2. Removing the consideration of grants within the SEIS limit. Part of being in the EU has been to conform to state aid limits. For the funding of small businesses, the EU considers up to €200,000 to be ‘de-minimus’ and outside the legislation. However, SEIS funding comes within that limit, as do various grants that come from the public purse. This can mean that some of the best businesses, those that have received grants or prizes, have to forego the equivalent value of investment from the £150,000 of SEIS investment allowance. We find this is often the case for businesses from the regions (and particularly Scotland) where there is a high availability of grants. We are hoping that one silver lining from Brexit will be to remove the grant element from within the limit.
  3. Increasing the 2-year maximum for qualifying for SEIS investment. A business has to have been trading for less than 2 years at the point of an equity investment for the investor to qualify for reliefs. Whilst momentum is the friend of innovation, there are often good reasons why an entrepreneur might experiment for a while, for example whilst still being in a salaried job, before they properly get after their dream. We’d like to see this raised to 3 years.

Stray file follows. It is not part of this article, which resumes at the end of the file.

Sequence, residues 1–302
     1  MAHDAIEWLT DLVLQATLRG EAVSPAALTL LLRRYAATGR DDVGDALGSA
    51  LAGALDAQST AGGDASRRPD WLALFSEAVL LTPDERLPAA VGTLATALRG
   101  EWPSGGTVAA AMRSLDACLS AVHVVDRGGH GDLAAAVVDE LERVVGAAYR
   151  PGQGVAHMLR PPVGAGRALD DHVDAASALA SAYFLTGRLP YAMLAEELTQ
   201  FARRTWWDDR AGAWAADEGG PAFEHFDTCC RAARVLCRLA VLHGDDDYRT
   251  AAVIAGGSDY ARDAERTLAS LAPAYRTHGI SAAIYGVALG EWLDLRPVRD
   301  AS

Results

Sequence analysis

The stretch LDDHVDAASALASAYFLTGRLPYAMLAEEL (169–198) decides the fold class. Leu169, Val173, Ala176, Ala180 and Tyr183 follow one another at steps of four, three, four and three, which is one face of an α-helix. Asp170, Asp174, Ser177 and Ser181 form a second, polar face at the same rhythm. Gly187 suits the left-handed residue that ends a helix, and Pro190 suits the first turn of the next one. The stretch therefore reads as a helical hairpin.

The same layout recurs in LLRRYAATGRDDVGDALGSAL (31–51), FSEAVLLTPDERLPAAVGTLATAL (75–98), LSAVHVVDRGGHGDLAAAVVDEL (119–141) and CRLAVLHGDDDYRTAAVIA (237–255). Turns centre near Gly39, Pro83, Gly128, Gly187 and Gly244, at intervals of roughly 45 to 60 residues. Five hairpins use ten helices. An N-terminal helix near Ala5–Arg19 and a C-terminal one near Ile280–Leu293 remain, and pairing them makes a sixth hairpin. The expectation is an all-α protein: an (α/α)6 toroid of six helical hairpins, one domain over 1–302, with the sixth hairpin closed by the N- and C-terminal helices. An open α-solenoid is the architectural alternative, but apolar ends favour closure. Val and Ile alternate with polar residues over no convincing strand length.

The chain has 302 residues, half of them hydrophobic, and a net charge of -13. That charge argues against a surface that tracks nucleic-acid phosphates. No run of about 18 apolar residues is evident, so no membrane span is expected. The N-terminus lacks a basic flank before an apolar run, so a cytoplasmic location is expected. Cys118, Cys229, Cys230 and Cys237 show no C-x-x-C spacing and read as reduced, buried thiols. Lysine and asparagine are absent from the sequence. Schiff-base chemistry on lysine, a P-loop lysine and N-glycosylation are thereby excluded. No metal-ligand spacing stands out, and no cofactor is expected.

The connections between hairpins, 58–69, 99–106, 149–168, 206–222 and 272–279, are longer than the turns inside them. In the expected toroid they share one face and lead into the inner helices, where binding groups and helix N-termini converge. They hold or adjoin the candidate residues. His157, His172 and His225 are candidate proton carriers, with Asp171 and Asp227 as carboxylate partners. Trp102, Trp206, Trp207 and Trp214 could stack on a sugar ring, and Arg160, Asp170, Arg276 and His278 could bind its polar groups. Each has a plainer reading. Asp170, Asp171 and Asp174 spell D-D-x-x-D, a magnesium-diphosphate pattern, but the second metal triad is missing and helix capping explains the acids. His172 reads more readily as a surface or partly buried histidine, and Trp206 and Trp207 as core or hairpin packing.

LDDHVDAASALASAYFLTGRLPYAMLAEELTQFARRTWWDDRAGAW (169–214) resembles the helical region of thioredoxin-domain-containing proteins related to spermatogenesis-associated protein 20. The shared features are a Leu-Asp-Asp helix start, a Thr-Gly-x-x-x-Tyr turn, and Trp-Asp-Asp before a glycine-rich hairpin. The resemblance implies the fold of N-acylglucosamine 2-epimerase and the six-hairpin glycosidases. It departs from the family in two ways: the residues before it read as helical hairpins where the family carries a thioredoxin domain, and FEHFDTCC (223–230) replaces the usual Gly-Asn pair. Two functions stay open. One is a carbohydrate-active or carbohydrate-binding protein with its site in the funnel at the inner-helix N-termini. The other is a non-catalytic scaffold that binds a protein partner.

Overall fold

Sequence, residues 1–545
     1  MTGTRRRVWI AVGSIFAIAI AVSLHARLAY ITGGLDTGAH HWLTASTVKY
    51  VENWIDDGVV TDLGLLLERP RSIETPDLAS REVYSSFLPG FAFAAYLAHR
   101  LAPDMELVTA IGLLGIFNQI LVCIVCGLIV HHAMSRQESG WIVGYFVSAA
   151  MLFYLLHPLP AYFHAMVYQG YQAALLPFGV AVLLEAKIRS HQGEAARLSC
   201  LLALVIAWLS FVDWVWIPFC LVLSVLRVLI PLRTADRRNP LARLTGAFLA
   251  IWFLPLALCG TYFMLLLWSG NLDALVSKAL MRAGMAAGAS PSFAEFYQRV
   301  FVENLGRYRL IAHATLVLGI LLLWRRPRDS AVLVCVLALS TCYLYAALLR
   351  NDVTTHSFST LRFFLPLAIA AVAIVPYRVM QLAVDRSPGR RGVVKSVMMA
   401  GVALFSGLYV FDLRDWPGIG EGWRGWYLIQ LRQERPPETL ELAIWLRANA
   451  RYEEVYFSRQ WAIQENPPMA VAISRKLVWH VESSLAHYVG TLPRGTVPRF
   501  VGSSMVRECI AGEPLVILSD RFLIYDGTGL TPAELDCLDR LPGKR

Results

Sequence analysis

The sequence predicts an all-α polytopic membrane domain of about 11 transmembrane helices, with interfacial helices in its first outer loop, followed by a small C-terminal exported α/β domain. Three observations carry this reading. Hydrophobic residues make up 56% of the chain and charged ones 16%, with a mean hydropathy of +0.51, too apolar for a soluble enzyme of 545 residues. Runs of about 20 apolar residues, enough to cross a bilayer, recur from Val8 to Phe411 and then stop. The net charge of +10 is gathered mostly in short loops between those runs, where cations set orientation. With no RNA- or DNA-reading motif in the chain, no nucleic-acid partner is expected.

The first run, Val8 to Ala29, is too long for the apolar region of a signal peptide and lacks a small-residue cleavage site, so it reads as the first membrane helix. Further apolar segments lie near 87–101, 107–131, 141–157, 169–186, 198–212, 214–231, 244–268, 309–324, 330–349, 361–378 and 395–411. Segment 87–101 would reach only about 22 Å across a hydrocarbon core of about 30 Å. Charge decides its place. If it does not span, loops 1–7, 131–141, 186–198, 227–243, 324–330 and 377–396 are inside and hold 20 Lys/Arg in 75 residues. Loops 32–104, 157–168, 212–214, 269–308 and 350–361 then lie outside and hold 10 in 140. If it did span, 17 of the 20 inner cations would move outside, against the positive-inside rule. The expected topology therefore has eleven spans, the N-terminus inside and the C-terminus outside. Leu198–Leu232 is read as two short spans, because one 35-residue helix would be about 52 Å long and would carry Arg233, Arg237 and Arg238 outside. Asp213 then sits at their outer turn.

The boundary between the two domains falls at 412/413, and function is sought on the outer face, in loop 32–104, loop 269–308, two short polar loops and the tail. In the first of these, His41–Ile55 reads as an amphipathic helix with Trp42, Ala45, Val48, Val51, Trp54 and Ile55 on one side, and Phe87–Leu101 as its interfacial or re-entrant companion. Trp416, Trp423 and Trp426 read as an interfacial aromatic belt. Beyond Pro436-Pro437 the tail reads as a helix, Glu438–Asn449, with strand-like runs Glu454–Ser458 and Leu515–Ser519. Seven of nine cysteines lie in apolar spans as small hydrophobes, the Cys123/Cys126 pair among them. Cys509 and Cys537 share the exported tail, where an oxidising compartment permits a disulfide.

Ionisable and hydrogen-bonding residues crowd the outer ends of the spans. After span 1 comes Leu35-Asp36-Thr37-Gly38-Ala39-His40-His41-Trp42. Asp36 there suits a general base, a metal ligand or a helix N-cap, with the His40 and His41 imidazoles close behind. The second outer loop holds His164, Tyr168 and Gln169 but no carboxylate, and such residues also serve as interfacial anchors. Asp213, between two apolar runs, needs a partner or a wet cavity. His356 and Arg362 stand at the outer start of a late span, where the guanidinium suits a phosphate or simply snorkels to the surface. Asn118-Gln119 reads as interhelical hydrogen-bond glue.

4. Protecting investors by making a portfolio mandatory. This will be more controversial, and more difficult. We see many unsophisticated investors – particularly those that are crowdfunding – that are blinded by the tax reliefs and are investing in just one or two companies. With such a high-risk investment category, where some failures are to be expected, it is essential to build a portfolio. We’d like to see investors nudged in this direction by a requirement of 4 or more qualifying SEIS or EIS investments in a tax year before being able to claim reliefs.